My friend the physicist often insists that science is a part of culture. What he means is that there are "sentimental" fruits of science as well as practical fruits; that the invention of new scientific ideas can alter our ways of thinking, our points of view. Science can give us insights on which to base our theories, and perspectives on which to build our beliefs.

This becomes immediately evident, for example, the moment one stops to look at the sky. Understanding that an ordinary star and not our Earth is the center of the solar system makes us reevaluate our place in the sun. Calculating how high the sky is (about the relative thickness of your condensed breath on a marble) makes us ponder the thin skin that seals our planet, the nakedness of life on Earth. Acknowledging a million years of evolution gives us an appreciation for the care that has gone into fashioning our fellow woman and man.

My favorite fruit of scientific thinking is the notion of complementarity. Complementarity pervades science because nature is full of unresolved -- unresolvable -- paradoxes. Light, for example, is both a particle of matter and a wave of energy. In fact, every particle of matter is also a wave of energy. The two definitions seem and are completely contradictory, mutually exclusive. And yet, both are necessary for an accurate understanding of light.

Complementarity has helped me to become more relaxed about the uncertainties that blur the most important issues in my life, that eat away at the edges of my confidence and make it hard for me to grasp a point of view. At times, it seems that my small family is the pivot of the universe; nothing matters quite as much as my son's school or my husband's job or a good night's sleep. And yet, if I stop to contemplate the history of the cosmos or the extinction of humanity be a future nuclear way, my family seems pathetically insignificant and small.

"It is one of the special beauties of science," wrote physicist Emilio Segre, "that points of view which seem diametrically opposed turn out later, in a broader perspective, to be both right."

Once you begin to think about things this way, examples abound. It explains how I can be a mother opposed to the abuses of abortion, but still adamant to preserve the right. It explains how I can want to keep my old-fashioned femininity and my newfangled feminism at the same time. It helps to explain how a concern for human rights and a priority on national interest can be part of the same foreign policy. It helps us to understand the inate complementarity of what's legal and what's right.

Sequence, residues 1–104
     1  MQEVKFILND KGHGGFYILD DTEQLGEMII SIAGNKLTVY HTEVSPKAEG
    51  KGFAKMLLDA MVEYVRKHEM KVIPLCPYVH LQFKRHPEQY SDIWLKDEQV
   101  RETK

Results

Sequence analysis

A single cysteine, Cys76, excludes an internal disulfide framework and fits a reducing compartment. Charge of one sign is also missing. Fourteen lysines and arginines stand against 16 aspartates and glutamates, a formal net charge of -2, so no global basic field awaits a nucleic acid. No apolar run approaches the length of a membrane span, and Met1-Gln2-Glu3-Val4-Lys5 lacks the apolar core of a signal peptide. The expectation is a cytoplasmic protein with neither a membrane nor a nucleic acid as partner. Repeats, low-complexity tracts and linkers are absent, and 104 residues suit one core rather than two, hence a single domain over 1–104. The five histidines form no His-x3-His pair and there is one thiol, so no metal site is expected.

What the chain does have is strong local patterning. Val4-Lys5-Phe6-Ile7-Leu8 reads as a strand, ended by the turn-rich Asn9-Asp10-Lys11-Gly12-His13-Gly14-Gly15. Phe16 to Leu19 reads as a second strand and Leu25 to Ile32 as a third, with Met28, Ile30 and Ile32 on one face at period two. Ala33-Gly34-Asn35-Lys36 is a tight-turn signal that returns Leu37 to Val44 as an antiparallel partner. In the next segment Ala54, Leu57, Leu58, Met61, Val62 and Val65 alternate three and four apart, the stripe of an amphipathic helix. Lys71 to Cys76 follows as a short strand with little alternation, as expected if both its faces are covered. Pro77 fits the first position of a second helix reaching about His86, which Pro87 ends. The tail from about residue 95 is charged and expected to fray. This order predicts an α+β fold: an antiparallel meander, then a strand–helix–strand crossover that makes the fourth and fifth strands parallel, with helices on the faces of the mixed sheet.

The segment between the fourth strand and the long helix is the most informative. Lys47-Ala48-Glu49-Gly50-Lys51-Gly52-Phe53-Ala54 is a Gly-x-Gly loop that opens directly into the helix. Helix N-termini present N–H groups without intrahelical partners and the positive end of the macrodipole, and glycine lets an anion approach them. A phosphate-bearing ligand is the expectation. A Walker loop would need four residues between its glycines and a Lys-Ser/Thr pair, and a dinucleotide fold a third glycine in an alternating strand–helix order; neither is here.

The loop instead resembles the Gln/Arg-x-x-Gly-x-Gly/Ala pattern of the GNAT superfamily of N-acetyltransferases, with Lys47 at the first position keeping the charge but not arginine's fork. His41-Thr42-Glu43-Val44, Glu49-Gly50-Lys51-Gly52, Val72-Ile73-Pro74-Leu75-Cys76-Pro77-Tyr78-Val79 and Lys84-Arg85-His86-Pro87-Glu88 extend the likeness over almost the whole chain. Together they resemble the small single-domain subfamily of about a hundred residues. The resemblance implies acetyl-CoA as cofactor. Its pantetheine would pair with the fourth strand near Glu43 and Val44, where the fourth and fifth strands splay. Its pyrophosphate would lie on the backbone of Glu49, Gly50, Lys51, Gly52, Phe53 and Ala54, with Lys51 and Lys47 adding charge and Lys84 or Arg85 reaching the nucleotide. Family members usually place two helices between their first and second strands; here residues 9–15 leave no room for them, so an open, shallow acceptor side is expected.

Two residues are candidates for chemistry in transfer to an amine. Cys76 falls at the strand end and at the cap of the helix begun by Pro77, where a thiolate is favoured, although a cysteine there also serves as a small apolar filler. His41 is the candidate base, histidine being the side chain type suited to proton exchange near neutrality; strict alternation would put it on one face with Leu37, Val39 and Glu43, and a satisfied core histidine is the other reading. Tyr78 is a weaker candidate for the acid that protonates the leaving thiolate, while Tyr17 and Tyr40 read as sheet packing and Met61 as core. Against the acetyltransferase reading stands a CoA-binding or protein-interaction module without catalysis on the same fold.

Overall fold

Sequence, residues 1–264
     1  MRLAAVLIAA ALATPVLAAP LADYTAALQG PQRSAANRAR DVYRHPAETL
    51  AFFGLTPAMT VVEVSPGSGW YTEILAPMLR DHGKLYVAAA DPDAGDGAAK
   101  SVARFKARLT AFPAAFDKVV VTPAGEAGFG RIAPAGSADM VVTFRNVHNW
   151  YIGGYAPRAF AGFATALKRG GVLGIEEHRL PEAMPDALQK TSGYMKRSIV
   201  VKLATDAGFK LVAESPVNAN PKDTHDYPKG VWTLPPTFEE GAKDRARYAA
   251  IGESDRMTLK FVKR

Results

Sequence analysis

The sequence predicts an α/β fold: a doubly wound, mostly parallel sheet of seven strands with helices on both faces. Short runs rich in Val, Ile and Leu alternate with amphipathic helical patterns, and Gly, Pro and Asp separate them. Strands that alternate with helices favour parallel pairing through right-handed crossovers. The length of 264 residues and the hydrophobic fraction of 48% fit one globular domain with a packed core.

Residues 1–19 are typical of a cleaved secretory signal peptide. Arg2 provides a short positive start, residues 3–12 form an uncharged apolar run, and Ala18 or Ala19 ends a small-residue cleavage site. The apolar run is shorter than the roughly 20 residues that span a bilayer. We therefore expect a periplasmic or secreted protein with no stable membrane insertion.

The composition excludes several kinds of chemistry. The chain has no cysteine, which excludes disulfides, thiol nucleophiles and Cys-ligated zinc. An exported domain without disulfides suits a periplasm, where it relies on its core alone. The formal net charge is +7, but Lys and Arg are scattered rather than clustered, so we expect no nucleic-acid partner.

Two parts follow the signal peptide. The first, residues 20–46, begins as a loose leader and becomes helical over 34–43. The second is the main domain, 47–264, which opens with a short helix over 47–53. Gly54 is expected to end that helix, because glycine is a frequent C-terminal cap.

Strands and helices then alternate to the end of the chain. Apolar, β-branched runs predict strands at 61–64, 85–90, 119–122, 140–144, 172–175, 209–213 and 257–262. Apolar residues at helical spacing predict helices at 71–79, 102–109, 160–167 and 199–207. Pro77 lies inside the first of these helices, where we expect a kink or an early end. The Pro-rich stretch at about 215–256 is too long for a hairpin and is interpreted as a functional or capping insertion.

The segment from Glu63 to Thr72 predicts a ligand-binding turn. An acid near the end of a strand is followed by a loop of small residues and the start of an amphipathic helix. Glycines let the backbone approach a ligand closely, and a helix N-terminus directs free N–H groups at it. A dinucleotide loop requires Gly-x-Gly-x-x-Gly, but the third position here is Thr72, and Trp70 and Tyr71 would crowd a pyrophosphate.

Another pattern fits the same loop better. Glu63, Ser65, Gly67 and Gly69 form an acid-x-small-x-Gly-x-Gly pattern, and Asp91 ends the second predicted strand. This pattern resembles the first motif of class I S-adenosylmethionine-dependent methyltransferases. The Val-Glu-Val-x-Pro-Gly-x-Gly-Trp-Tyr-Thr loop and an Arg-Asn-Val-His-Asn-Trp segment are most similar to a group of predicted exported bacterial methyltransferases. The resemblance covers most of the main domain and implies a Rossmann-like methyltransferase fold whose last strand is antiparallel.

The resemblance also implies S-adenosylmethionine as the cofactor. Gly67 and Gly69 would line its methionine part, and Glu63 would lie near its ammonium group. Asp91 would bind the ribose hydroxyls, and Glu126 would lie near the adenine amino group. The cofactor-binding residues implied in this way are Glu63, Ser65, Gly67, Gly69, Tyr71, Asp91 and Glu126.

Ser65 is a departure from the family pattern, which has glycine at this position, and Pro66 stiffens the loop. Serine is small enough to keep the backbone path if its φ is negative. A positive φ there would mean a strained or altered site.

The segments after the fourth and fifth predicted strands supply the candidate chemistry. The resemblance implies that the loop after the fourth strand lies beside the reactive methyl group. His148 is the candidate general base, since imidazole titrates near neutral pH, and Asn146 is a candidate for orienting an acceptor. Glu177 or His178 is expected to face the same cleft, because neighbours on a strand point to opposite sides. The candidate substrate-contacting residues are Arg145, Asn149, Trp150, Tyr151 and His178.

Complementarity arose to explain one of the most prickly paradoxes of science -- the theory of quantum mechanics. Quantum mechanics (which gives a description of the peculiar behavior of things on a microcosmic level) demonstrates that on the scale of the very, very small, things do not happen continuously, but in a series of small quantum leaps. Spin and magnetism and gravity and even a property called "charm" come in indivisible units or bits. But if you try to measure the exact position or size of the quantum, it completely disappears. Founder of quantum mechanics Niels Bohr must have been a skier, for he resolved the paradox this way: "When you try to analyze a christiana turn into all its detailed movements, it will evanesce and become an ordinary stem turn, just as the quantum state turns into classical motion when analyzed by a sharp observation."

MIT physicist Victor Weiskopf compares it with Beethoven: "We cannot at the same time experience the artistic content of a Beethoven sonata and also worry about the neurophysiological processes in our brains.But we can shift from one to the other."

I've come to think that the complementarity of quantum mechanics is a key to resolving some of our most profound practical and ethical problems -- if only because most of those problems contain profound practical and ethical paradoxes. Our view of the world is strangely quantized: We are unnecessarily committed to a strong defense or peace, to handgun control or crime control, to women's rights or "family" rights, to social welfare or free enterprise, to strength or compassion.

Weisskopf says, "Whenever in this history of human thought one way of thinking has developed with force, other ways of thinking become unduly neglected and subjugated to an overriding philosophy claiming to encompass all human experience."

Weisskopf continues, "This situation has its root in a strong human desire for clear-cut, universally valid principles containing the answers to every question. However, the nature of human problems is such that universally valid answers do not exist, because there is more than one aspect to each of these problems." The point is not to choose sides between waves and particles. The point is not to choose which viewpoint is "right" or "wrong". It is rather to decide when each point of view is appropriate.